90 s. Time constant (15 s) × six = response time. Refer to Sect. 1.
The enthalpy change, ΔrH, for the first reaction is (2.0 J/0.038 mmole) = −52 J/mmole or −52 kJ/mole. ΔrH for the second reaction is 0 kJ/mole. ΔrH for dilution of the titrant is (−0.1 J/0.021 mmole) = +4.8 kJ/mole. Amines are usually more basic than carboxylates, so the expectation is that the amine is the first reaction, but the proof is the ΔrH value, −50 kJ/mole is a defining characteristic for protonation of amines, and 0 kJ/mole is a defining characteristic of protonation of carboxylate groups. The mole ratio of amine to carboxylate is (0.038/0.041) = 0.93. Refer to Sect. 3.9.
The stoichiometry is three stronger binding sites and four weaker binding sites. Both kinds of sites are cooperative, i.e., K1 ≈ K2 ≈ K3 < K4 ≈ K5 ≈ K6 ≈ K7. The enthalpy change, ΔrH, for the strong binding site is −50 kJ/mole and for the weaker binding site, −30 kJ/mole. The rounded endpoints show that the binding constants β3 and β4–7 could be calculated from these data. Refer to Sects. 2, 3.4, 3.8, and 5.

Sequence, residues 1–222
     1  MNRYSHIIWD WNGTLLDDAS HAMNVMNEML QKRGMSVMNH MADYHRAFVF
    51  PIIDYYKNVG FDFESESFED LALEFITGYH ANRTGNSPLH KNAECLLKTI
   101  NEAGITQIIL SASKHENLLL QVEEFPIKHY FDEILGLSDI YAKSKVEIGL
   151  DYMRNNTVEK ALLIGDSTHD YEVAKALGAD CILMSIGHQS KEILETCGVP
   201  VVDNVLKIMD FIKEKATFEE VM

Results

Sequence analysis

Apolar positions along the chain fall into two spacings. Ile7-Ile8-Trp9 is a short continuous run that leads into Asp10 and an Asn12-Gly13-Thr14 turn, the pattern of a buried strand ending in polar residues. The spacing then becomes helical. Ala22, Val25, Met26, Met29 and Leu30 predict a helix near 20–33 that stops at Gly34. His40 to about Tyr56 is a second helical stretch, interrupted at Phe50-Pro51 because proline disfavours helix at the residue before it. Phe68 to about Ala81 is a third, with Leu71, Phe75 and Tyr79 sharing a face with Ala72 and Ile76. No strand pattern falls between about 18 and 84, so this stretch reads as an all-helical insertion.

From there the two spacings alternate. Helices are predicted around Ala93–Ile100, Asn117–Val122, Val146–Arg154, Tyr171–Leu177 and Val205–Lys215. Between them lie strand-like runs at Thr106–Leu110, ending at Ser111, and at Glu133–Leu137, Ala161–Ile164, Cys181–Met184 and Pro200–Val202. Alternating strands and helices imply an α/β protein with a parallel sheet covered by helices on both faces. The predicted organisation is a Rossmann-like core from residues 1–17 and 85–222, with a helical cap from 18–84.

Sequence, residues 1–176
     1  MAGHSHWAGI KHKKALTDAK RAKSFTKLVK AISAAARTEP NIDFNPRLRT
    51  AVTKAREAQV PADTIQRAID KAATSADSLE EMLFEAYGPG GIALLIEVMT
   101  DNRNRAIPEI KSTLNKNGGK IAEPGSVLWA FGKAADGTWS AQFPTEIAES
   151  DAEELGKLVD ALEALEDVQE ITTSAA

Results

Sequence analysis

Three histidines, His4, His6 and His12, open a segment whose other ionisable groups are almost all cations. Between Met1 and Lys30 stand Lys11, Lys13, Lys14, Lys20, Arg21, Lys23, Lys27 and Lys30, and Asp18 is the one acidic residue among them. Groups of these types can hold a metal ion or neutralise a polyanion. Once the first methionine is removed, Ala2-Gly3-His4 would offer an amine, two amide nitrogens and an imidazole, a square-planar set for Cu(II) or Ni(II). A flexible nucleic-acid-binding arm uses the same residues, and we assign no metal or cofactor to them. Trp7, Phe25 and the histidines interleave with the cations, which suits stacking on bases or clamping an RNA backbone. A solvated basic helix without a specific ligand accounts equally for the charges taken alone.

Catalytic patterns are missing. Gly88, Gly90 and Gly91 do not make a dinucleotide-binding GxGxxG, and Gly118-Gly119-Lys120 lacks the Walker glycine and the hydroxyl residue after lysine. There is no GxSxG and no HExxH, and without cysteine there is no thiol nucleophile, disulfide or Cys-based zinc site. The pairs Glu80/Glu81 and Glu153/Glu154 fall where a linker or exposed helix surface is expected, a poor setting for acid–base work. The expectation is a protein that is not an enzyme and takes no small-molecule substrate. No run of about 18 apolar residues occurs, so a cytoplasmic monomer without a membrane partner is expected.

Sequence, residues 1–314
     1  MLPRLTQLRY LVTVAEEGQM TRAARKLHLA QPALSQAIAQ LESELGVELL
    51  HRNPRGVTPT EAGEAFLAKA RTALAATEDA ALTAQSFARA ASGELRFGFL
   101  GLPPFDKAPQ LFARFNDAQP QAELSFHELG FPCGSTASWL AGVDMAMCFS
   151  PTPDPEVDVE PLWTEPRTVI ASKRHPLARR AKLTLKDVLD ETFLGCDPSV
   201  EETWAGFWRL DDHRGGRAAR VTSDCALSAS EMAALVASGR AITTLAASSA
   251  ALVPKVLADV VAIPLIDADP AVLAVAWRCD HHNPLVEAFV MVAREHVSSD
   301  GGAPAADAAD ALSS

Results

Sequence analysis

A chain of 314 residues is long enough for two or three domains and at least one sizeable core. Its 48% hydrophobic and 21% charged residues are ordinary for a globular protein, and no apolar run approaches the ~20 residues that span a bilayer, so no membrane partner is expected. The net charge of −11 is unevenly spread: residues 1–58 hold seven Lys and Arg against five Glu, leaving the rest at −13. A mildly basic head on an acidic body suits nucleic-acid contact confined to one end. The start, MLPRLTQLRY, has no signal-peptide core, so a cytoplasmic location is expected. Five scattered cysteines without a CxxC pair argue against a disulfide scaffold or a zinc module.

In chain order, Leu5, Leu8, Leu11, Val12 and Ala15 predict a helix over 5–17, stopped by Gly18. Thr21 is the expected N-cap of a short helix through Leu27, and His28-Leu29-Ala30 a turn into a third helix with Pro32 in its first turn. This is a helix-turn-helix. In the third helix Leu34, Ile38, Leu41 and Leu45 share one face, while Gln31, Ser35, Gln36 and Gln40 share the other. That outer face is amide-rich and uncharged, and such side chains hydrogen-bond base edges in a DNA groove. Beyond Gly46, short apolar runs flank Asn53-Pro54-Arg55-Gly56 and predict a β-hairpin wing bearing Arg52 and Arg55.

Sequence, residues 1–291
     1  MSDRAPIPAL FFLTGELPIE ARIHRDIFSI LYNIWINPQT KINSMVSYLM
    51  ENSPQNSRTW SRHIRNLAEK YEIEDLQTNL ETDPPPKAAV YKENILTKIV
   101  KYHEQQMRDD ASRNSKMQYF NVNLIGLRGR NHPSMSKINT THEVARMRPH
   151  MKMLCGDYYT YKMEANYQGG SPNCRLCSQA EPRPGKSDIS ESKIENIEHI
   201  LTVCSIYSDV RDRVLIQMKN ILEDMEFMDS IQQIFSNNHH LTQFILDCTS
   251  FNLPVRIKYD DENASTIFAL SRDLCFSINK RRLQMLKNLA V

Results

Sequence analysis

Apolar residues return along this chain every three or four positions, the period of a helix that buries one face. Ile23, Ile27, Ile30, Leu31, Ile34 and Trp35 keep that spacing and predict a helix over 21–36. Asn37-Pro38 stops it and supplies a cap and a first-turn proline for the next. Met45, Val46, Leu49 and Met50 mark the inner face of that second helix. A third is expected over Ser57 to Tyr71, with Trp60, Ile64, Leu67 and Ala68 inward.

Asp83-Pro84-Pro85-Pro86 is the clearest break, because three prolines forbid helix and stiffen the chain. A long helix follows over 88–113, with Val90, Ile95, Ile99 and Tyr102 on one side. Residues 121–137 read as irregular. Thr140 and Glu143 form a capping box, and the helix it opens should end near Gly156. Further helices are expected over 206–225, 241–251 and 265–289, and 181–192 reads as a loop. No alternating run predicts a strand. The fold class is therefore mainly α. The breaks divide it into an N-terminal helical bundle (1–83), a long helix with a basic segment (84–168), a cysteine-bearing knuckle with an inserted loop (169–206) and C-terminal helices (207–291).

The concentration of nitrite is 59 μM. (11.21 J/°C)(0.0053 °C) = 0.0594 J; (0.0594 J)/(−402,000 J/mol)) = 0.1478 μmols product; 1:1 relationship, so the concentration is (0.1478)/(2.5 mL) = 59 μM. There is a large excess of sulfamic acid, i.e., (0.05 M)(106 μmole/mole)(10−3 L/mL)(0.15 mL) = 7.5 μmoles. The temperature measurement limits the answer to two significant digits. Refer to Sect. 3.3.
One H+ released. The reactions are